Red Merrill chewed the gum not on account of its breath-freshening capabilities, nor because he had food stuck in his teeth. (Protein shakes left behind a filmy grit but he washed this away with overchlorinated Iraqi water.) He chewed with no intention of blowing bubbles—it weren’t that kind of gum either—but just because it gave him something to do, and he’d grown sick of dipping tobacco.

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The New Ship

by Garland Davis

He could see the cruiser in the mists at the end of the pier as he walked toward it, his seabag rocking lightly on his shoulder. Funny he always thought it was heavier than this. Although the pier was in golden sunlight, the ship was blurred, the gray almost silvery in the cloudy mist.

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Twenty-two a Day

by Kama O’Connor

1. He’s been lying on top of his cheap, cotton comforter, staring at the walls that still have nothing on them—what would he hang that won’t remind him of the life he’d given up?—for three hours now. The clock reads 12:01 a.m. He had to stay late at the office to make up for the mistake he’d made on the quarterlies. What a joke, he thinks. None of this matters—the reports that told companies where their fractions of a cent were going, and when those fractions were dropped because of a loss in an arbitrary market half a world away. His fucking twenty-two year-old supervisor, just out of college, who kept coming by his small-assed cubicle, whining about shit he’d messed up…. Sometimes three times a day he had to listen to this desk jockey spout off about the importance of these reports and not shove his fist down the kid’s throat and tell him what really mattered in this world. It wasn’t a fucking report, that was for goddamn sure. So he gets up, walks to his closet, takes down the box he doesn’t let himself open often. His old life, the life he was proud of. Would always be proud of. He brushes the dust off the box with the heel of his palm, unlocks it, opens the lid, and stares. Each piece pokes at the pale, soft man he’s become since he took this job a year ago. His retirement certificate. Twenty years of drills and deployments and killing and not dying and broken relationships and training training training with only half a pension and a piece of paper to show for it. Still, he takes it out gingerly, places it beside him, and uncovers more relics. His service medals. A NAM with a combat “V.” A good cookie—ha! He should show this to his supervisor. Afghan service, Iraq service, OIF, OEF, Desert Storm. All conflicts, wars that showed him what the world really looked like. Ugly. Painful. Unfair. Underneath the medals is his grandfather’s old service revolver. He decides to play a game. Roulette, with only one player. The thrill it gives him sends shocks of an old—almost forgotten—feeling through his veins, charges him in a way he hasn’t felt in almost two years. He smiles, digs for the case of ammunition. Retrieves one bullet. A .22 caliber slug that he places in the chamber. Spins it, locks it in place. Holds the gun to his forehead and closes his eyes, excited that this is a game he can play and win, even if he loses. Because it reminds him what matters. This feeling. This. He starts the game.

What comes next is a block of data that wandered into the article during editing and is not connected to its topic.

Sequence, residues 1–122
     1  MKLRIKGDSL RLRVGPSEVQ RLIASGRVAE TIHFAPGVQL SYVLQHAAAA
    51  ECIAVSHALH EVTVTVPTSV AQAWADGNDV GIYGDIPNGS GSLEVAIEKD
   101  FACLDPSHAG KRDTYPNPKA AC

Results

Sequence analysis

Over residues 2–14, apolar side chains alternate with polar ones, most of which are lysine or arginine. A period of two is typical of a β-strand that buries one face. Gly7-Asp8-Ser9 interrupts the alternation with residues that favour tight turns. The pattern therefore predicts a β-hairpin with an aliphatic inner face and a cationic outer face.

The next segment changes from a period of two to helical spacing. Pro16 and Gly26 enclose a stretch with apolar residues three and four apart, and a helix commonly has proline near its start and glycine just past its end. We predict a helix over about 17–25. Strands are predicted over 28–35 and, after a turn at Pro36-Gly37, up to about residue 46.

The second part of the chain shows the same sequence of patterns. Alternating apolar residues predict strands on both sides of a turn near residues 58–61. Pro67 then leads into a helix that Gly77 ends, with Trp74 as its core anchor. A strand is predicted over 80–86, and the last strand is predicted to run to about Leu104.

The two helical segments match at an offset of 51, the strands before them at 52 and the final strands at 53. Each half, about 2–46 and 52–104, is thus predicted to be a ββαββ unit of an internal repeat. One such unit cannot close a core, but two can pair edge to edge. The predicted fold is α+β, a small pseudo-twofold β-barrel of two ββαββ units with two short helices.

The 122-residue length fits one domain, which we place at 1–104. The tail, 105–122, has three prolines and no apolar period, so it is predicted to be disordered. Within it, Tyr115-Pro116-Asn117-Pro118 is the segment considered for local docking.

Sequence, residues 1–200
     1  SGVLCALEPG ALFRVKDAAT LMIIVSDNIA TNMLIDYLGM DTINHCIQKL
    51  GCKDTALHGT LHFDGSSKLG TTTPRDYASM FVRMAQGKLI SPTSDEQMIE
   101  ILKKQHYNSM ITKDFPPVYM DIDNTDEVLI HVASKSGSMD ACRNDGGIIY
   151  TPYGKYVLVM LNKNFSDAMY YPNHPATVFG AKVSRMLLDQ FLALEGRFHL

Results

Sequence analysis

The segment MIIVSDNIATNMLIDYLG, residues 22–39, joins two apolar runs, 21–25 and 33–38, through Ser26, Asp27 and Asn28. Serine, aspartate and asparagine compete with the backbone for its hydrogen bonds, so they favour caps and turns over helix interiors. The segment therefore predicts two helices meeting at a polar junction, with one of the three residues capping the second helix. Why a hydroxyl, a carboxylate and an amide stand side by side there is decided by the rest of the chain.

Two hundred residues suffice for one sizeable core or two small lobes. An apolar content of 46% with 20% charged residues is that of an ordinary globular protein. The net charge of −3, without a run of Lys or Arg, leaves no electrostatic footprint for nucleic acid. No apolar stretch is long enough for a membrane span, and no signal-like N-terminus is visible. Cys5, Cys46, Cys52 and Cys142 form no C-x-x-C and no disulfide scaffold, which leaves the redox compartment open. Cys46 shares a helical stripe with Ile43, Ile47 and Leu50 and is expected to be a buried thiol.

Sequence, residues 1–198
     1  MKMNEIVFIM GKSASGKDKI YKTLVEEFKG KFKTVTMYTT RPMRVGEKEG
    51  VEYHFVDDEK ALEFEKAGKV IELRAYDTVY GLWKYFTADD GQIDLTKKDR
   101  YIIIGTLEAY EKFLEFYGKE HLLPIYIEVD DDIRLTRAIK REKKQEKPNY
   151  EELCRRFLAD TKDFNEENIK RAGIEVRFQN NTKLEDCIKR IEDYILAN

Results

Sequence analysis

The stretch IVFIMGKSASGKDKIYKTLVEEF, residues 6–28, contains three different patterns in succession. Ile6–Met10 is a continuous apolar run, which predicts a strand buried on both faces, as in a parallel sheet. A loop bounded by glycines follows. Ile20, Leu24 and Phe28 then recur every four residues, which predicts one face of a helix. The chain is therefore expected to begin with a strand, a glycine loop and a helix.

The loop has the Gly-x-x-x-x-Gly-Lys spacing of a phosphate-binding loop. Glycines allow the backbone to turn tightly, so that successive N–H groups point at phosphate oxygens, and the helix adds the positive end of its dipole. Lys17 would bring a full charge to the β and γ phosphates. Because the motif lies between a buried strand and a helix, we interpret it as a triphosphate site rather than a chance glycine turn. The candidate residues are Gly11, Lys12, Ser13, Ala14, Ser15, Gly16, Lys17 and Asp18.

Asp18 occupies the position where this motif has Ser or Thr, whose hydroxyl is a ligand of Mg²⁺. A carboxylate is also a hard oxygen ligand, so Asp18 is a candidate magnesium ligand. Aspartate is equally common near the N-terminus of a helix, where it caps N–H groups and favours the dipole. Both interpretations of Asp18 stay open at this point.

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by Elizabeth Hawes Unangst

“Forget it,” the big man said, chuckling. “Out of the question. Far too dangerous for my clumsy little wife. You’re not exactly athletically inclined, you know, babe.” He gestured beyond the villa’s veranda to the lush green terraces sweeping down to the ocean below. “Besides, silly girl, why would you want to leave this gorgeous view?” Without waiting for an answer, he laughed, kissed her on the nose, slapped her on the bottom, shouldered his clubs, and left, calling, “Wish me luck on the links, babe!” as he went.